The ocean waves occur at the upper layer of an ocean. They are a result of wind and geologic effects. A wave may travel more than a thousand miles before it strikes the land. The size of the wave can vary from a small ripple to a large tsunami. Although a large amount of energy and momentum is present in a wave, there is very little forward motion of the individual water particles in the wave.
The three main factors that cause waves in the ocean are:
- The speed/velocity of the wind
- The distance (of the water) over which the wind has blown
- The duration for which the wind has blown over the surface of the water
The size of the wave depends on each of the above factors, and the larger each factor is, larger will the wave be. A wave is measured by its height; that is from the trough to the crest. The wavelength of the wave is the distance from one crest to the next. The period of a wave is the time taken between two consecutive waves from a fixed point.
Types of Waves
The three different types of waves that can develop over the ocean are as follows:
- Ripples: These are also known as capillary waves and appear on smooth waters. These waves die out when the wind stops blowing, but these can move forward if ample surface tension is present.
- Seas: These are larger waves that are formed under irregular and unsustainable winds. These can last long even after the winds have died out.
- Swells: These are formed when seas move away from their point of origin, separating naturally as per direction and wavelength.
A tsunami (pronounced sue-nahm-ee) is defined as a series of huge waves that can cause major devastation and loss of life, when they hit the coast. The word 'tsunami' is a Japanese word which means 'harbor waves' (tsu - harbor, nami - waves). The possible causes of a tsunami are submarine rock slides, an underwater earthquake with the Richter scale magnitude of over 6.75, volcanic eruptions, or an asteroid/meteoroid from the space crashing into the water.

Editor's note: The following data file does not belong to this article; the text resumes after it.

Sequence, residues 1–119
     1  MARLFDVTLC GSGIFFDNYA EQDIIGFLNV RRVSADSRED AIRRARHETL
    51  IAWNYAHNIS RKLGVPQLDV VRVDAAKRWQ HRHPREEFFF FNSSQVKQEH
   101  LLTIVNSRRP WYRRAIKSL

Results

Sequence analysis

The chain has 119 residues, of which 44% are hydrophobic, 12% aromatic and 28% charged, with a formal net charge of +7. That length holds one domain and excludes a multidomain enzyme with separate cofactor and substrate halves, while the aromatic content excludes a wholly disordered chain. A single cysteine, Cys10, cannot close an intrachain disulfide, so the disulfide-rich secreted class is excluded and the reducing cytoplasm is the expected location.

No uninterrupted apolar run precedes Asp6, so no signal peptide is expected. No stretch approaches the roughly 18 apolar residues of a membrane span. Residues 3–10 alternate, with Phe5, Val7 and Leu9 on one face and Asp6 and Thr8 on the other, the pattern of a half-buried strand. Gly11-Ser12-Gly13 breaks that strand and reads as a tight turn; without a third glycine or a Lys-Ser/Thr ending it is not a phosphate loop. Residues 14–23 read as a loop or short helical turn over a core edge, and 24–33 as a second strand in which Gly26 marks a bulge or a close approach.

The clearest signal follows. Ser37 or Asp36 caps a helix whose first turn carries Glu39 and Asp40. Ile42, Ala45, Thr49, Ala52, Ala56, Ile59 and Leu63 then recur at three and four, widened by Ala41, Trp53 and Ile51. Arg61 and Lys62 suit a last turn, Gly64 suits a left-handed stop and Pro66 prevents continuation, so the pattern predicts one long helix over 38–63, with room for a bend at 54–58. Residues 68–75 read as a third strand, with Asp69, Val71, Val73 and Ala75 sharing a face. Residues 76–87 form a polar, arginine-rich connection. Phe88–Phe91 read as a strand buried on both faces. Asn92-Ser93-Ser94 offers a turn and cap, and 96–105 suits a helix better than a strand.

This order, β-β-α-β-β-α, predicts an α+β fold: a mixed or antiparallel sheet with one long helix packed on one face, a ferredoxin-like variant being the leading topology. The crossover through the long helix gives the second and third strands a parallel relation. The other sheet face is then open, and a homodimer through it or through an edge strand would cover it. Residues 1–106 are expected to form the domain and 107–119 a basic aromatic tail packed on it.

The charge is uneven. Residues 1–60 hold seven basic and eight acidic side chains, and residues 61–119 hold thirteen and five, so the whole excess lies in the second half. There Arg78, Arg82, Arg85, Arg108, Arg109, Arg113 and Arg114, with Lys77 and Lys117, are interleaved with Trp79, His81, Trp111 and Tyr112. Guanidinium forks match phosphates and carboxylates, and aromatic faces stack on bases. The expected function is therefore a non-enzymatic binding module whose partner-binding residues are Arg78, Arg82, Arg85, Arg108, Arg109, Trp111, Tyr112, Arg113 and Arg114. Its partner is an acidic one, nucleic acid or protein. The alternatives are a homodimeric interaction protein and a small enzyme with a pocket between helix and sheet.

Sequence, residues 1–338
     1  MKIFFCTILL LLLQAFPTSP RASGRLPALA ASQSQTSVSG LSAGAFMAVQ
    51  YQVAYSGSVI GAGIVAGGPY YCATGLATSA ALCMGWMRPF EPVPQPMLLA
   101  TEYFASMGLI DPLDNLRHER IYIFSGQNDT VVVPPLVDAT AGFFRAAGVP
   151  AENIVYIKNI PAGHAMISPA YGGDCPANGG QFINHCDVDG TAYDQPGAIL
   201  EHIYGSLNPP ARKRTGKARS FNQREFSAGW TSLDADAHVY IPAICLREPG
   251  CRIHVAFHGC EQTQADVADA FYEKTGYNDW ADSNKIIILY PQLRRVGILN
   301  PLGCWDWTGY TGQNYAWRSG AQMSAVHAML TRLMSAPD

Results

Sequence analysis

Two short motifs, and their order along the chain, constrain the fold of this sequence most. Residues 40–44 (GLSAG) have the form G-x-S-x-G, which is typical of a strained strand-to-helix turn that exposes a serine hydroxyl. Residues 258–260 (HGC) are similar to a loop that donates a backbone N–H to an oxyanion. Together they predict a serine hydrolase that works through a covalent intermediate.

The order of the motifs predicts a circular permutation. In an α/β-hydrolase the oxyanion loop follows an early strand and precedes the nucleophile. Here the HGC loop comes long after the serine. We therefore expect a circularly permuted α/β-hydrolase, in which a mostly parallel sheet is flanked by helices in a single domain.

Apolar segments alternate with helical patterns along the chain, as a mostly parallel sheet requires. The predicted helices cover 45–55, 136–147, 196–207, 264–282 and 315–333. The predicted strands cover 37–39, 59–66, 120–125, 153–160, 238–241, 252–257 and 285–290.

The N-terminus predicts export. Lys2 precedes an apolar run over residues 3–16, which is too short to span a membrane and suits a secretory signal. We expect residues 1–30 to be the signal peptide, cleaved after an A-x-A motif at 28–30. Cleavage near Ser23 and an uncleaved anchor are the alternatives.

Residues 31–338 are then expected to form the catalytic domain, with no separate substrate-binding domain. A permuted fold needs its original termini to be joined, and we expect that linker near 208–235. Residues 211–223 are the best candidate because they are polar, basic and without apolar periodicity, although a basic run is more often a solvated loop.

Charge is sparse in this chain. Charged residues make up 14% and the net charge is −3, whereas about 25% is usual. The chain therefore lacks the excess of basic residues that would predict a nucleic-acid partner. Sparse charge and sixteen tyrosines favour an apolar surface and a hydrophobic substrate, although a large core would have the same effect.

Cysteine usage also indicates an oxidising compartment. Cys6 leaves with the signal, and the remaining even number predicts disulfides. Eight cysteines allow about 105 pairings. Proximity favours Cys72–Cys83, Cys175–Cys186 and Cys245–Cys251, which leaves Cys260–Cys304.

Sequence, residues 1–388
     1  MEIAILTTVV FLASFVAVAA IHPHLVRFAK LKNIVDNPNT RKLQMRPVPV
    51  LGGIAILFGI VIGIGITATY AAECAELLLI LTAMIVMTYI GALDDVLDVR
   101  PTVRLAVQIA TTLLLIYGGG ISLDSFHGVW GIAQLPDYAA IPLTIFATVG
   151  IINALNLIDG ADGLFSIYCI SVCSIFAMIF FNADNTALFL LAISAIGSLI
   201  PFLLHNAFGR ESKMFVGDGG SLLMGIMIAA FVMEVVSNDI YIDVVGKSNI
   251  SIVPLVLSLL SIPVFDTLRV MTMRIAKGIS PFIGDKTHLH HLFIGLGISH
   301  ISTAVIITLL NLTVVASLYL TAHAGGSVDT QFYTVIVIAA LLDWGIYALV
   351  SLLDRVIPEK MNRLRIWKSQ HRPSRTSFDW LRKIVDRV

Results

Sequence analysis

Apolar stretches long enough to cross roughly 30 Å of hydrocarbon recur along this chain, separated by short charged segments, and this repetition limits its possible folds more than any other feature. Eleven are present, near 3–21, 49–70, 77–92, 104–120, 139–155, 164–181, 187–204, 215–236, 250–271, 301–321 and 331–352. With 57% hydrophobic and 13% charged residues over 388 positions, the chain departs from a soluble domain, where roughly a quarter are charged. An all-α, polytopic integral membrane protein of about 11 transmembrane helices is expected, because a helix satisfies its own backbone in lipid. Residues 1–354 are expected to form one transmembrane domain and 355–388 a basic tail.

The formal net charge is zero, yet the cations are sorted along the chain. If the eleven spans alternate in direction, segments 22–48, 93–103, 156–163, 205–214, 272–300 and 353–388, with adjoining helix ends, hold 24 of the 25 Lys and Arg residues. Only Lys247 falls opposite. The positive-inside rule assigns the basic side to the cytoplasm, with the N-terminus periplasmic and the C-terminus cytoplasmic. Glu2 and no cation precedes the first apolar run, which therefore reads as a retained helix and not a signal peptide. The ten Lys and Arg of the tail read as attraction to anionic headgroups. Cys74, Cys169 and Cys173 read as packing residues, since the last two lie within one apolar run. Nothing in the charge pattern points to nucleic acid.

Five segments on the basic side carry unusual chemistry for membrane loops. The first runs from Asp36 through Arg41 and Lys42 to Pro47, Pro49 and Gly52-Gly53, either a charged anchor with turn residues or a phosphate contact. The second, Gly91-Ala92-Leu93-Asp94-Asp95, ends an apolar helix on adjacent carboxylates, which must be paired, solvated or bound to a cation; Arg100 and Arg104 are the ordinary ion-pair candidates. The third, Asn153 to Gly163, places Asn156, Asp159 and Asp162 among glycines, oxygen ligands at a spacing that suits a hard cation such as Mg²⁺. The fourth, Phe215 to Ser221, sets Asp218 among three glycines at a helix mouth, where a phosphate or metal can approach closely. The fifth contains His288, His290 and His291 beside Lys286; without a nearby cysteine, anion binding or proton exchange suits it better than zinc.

A tsunami starts when a huge volume of water is shifted by any of the phenomena mentioned above. When such a large volume of water is moved, the resulting wave is very large and can be spread over an area of a hundred miles. This wave can travel from the point of origin to the coast at great speed. A tsunami has been known to travel with speeds as high as 600 mph in the open ocean. This is the speed with which a jet travels. In addition to this, a tsunami can move from one end of the ocean to the other in a few hours.
With the advancement in technology over the years, tsunamis can now be detected before they hit the coast, thereby reducing loss of life and property. Fortunately, tsunamis are very rare with approximately six of them hitting the coast every century, most of them occurring in the Pacific Ocean.
Ocean Waves and Global Warming
Another phenomenon that has been affecting the speed of waves in the recent years is global warming. Geophysicists have predicted that as the surface of the ocean warms up, the speed with which the planetary waves travel should subsequently increase. It is believed that the speed of the waves has already increased considerably, but this has not been noticed and documented so far. The satellites that have been monitoring the speed of the waves have not been around for too long. As per the latest research report, the speed of the waves will further increase by nearly 30% by the end of the 21st century.
In a broader sense, the ocean and the waves are one of the best gifts that the nature has bestowed upon us. However at certain times, the waves of the ocean have caused a lot of devastation to life. Thus, it is important on our part that we remain alert for all warnings and stay away from the oceans when asked to. Furthermore, staying away from oceans during high tide is a good idea too, as the waves and depth of the ocean can be higher than expected.